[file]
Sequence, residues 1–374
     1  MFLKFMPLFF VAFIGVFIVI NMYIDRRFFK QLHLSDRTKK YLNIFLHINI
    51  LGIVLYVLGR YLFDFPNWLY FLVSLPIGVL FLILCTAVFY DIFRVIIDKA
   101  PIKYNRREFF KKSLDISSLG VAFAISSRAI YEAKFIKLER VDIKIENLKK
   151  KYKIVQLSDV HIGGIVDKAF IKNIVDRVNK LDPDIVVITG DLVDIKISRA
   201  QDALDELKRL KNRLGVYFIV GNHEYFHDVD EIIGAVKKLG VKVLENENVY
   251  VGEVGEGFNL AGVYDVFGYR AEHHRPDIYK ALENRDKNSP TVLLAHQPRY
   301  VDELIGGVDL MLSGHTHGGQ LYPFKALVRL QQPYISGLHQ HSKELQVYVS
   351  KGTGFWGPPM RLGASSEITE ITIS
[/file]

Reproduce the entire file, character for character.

Sequence, residues 1–374
     1  MFLKFMPLFF VAFIGVFIVI NMYIDRRFFK QLHLSDRTKK YLNIFLHINI
    51  LGIVLYVLGR YLFDFPNWLY FLVSLPIGVL FLILCTAVFY DIFRVIIDKA
   101  PIKYNRREFF KKSLDISSLG VAFAISSRAI YEAKFIKLER VDIKIENLKK
   151  KYKIVQLSDV HIGGIVDKAF IKNIVDRVNK LDPDIVVITG DLVDIKISRA
   201  QDALDELKRL KNRLGVYFIV GNHEYFHDVD EIIGAVKKLG VKVLENENVY
   251  VGEVGEGFNL AGVYDVFGYR AEHHRPDIYK ALENRDKNSP TVLLAHQPRY
   301  VDELIGGVDL MLSGHTHGGQ LYPFKALVRL QQPYISGLHQ HSKELQVYVS
   351  KGTGFWGPPM RLGASSEITE ITIS